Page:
Minton C.,165 Dalgetty Road Beaumaris |
Connor M.,19 Pamela Grove Lower Templestowe |
Price D.,8 Scattor View Bridford |
Jessop R.,Phillip Island Nature Park |
And 5 more authors.
Conservation Science Western Australia | Year: 2013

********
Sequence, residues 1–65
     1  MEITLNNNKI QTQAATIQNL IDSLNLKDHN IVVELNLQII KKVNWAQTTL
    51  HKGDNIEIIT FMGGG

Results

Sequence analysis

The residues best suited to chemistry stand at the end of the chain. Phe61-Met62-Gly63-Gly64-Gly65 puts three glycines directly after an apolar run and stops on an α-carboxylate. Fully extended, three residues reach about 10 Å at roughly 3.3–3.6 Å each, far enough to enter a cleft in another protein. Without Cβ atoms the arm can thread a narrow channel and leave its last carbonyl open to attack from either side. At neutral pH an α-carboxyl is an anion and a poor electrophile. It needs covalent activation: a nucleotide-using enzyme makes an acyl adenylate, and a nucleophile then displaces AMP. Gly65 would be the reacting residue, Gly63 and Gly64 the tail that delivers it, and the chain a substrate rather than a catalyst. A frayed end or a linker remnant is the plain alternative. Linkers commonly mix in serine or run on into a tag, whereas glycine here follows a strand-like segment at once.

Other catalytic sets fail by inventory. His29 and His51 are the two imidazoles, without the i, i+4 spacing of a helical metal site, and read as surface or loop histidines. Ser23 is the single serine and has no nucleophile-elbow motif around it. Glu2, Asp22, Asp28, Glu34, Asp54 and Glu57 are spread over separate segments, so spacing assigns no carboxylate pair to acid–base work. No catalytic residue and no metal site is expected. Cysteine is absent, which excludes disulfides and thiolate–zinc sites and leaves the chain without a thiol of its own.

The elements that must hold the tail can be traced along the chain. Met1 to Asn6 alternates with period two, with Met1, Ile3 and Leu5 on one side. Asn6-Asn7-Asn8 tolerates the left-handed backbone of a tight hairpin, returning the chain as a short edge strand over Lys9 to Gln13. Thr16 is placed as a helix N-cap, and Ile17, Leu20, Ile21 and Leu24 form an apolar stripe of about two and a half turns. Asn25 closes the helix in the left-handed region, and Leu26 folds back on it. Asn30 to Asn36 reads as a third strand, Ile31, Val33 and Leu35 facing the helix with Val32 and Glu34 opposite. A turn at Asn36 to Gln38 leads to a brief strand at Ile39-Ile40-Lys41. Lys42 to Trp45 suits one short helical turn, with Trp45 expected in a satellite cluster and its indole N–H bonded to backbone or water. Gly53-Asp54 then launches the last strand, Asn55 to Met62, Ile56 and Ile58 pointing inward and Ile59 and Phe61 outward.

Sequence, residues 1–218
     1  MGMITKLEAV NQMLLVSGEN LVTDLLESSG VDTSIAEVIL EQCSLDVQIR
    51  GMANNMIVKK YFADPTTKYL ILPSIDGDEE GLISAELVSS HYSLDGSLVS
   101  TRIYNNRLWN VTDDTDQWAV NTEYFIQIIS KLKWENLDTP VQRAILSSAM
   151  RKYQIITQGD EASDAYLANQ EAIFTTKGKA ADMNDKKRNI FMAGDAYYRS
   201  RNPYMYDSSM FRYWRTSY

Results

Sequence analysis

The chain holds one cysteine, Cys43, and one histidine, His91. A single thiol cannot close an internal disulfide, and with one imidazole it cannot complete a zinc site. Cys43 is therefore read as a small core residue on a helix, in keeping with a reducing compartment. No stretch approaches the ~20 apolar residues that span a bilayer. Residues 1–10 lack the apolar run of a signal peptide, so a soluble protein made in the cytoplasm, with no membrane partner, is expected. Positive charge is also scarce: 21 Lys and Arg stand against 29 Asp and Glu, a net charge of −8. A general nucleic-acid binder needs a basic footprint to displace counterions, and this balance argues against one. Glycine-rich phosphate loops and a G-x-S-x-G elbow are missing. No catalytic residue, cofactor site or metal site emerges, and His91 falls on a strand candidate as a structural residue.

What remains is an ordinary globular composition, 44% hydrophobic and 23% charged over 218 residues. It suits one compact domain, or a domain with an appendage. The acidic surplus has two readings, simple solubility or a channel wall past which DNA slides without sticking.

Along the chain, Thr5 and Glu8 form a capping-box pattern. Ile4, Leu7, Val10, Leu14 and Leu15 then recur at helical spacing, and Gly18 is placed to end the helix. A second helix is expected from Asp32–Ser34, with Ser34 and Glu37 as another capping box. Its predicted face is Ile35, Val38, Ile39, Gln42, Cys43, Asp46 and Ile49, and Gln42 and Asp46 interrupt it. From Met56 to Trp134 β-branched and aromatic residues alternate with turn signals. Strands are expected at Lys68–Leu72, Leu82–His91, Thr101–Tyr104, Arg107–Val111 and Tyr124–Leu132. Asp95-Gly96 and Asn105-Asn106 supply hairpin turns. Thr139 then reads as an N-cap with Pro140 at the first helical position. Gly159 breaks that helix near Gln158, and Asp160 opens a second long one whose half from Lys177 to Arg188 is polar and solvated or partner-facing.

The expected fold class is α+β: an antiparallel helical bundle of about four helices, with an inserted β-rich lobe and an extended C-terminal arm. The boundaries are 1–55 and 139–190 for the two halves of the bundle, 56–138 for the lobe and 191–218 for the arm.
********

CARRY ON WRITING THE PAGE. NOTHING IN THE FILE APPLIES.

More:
This paper analyses ground counts and aerial surveys of high-tide wader roosts conducted over the 23-year period from 1981 to 2003, at Eighty Mile Beach, north-west Australia. It provides a baseline data set with which later count data can be compared. Over the study period, Eighty Mile Beach held a maximum of around 470,000 waders in any given year. This represented around 20% of the total number of migratory waders visiting Australia each year and around 6% of the total East Asian - Australasian Flyway migratory wader population. The most numerous species were great knot (169,000), bar-tailed godwit (110,000), greater sand plover (65,000) and oriental plover (58,000). Distribution of waders along the beach was not uniform, with up to 85% occurring in the section between 25 km and 80 km south of Cape Missiessy where, at peak, numbers averaged 7000 per kilometre of shore; however, distributions for some species diverged from this pattern. Count data showed that waders arrived in north-west Australia over an extended period from July to October. The majority of these birds remained at Eighty Mile Beach throughout the nonbreeding season (austral summer) although some smaller waders used Eighty Mile Beach as a staging point. Most adult birds left on northward migration in March-April of the following year. The number of (mainly) immature birds remaining at Eighty Mile Beach over the May-July period was equivalent to 9% of the peak spring/summer population. The counts also showed that Eighty Mile Beach, especially the southern half, is important for resident wader species. Threats to its ecological integrity are identified and the introduction of enhanced long-term protection measures recommended to ensure that key sections of Eighty Mile Beach are managed for the benefit of the internationally significant numbers of waders occurring there. © The Government of Western Australia, 2013. Source